Aerospace Forces Brigadier General Amir Ali Hajizadeh, commander

of the Islamic Revolutionary Guards Corps, speaks to one of those

under his command alongside a captured U.S. RQ-170 Sentinel

drone aircraft operated by the CIA, Tehran, Dec. 8.



Fars News Agency, Islamic Republic of Iran

Revolutionary Guards Proudly Display Downed American Drone


As has been admitted by the United States that last week, a very sophisticated and valuable unmanned CIA spy drone was captured intact by Iranian forces. According to this news item from Iran's state-run Fars News Agency, Iran's Revolutionary Guard Corp. downed the craft in a 'cyber attack' and is considering Chinese and Russian requests to examine it and presumably help back-engeneer it..


December 8, 2011


Islamic Republic of Iran - Fars News Agency - Original Article (English)

One of America's most prized pieces of high-techinogy on display in Iran: How serious is the loss of a CIA RQ-170 unmanned drone? According to American and Israeli sources - extremely serious, particlarly if the unit failed to erase its programming and the data it had collected, as Tehran asserts.


PRESS TV VIDEO [IRAN]: Iran puts downed U.S. RQ-170 Sentinel stealth aircraft on display, Dec. 8, 00:01:53.RealVideo

TEHRAN: On Thursday, Iran's state broadcaster released the first images of a highly-advanced U.S. stealth spy drone, which was downed thanks to a cyber attack by Iranian military forces last week as it flew over the nation's airspace.


According to the report [video below], the width of the RQ-170 Sentinel drone from wing-to-wing is around 85 feet, with a length of almost 15 feet and a height of six feet.


The drone is equipped with highly-sophisticated surveillance, data gathering capability, electronic communication and radar, the report said.


The batwing-shaped, radar-evading aircraft can be fitted with various sensor payloads, which means they can be equipped to capture a range of intelligence material, including high-resolution images, radiation measurements and air samples.


U.S. officials and Western diplomats say that the stealth drone was part of a fleet of secret aircraft that the Central Intelligence Agency has used to escalate its campaign of espionage against Iran's nuclear facilities for the past several years.


The aircraft, built by Lockheed Martin, is best known for its role surveilling the compound where Osama bin Laden was killed in Pakistan. "But it wasn't only being flown in Pakistan," one former Western official said.


During the last few years, Iran has already shot down over a dozen such aircraft.


U.S. officials have described the loss of the craft to Iran as a setback and even fatal blow to the stealth drone program.



Among America's main concerns is that Iran could use this intact aircraft to expose the vulnerabilities in its stealth technology and take air defense countermeasures. Another worry is that China or some other U.S. adversary could help Iran extract data from the drone that would reveal its flight history, surveillance targets and other capabilities.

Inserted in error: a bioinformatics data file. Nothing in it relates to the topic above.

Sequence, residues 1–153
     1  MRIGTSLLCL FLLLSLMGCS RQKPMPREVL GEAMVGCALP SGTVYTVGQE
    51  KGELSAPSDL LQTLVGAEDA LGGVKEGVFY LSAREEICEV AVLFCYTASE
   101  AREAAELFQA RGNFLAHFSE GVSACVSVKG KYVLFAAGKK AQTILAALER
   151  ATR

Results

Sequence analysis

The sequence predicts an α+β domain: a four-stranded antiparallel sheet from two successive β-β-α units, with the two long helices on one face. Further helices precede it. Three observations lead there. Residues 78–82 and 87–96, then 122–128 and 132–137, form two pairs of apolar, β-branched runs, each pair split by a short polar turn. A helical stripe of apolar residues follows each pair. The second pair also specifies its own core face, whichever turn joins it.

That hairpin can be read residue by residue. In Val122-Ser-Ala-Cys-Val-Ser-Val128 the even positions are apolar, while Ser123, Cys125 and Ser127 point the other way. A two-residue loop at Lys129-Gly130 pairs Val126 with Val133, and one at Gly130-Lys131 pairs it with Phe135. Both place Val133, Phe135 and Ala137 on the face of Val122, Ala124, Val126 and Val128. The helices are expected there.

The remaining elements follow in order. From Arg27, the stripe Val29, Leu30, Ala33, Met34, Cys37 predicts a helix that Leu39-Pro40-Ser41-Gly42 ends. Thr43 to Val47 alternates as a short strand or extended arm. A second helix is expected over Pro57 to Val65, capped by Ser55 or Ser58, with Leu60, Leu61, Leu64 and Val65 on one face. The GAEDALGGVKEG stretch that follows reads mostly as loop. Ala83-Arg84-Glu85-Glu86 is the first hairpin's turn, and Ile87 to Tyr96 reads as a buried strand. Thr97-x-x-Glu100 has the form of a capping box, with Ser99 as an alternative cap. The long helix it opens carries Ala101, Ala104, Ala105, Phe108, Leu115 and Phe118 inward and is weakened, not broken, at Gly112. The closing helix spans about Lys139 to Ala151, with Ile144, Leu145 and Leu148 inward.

In the event of malfunction the drone was programmed to destroy such data, but it failed to do so. The blow is so heavy that U.S. officials still don't want to accept that Iran brought the plane down in a cyber attack. Instead, explanations have focused on potential technical failures. The aircraft cover great distances and depend on satellite links. A lost connection or other malfunction could cause them to return home or self-destruct.


Revolutionary Guard Commander in Drone


Aerospace Forces Brigadier General Amir Ali Hajizadeh, commander of the Islamic Revolutionary Guards Corps (IRGC), appeared in the televised to explain how Iranian forces downed the highly advanced radar-evading spy drone.



"Recently, the intelligence we collected along with precise electronic monitoring revealed that this aircraft intended to infiltrate our nation's airspace for spying missions," the general said, adding, "After it entered the eastern parts of the country, the aircraft fell into a trap set by our armed forces and was downed inside Iran with minimal damage.


Aerospace Forces Brigadier General Amir Ali Hajizadeh, commander

of the Islamic Revolutionary Guards Corps, speaks to one of those

under his command alongside a captured CIA RQ-170 Sentinel drone

aircraft, Tehran, Dec. 8.



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"As far as its platform and coating, this type of aircraft is designed to evade radar and in terms of technology, is amongst the most advanced aircraft used by the United States," General Hajizadeh said. "The technology used in this aircraft had also been used in the B-2 Stealth Bomber and F-35 fighter aircraft," Hajizadeh said, and added, "This aircraft is controlled and guided through satellite link and land stations in Afghanistan and the United States. Military experts are well aware how precious the technological information of this drone is," he reiterated.


Current and former U.S. defense officials said that not even the U.S. military is equipped to use these highly-sophisticated stealth planes. They are in relatively short supply and are only flown by the CIA.


The existence of the aircraft has been known since 2009, when one was photographed at the main U.S. airfield in Kandahar, Afghanistan.


Meanwhile, an informed Iranian military source has said that Russian and Chinese officials have asked to inspect the drone aircraft.


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[Posted by WORLDMEETS.US Dec. 8, 6:09pm]


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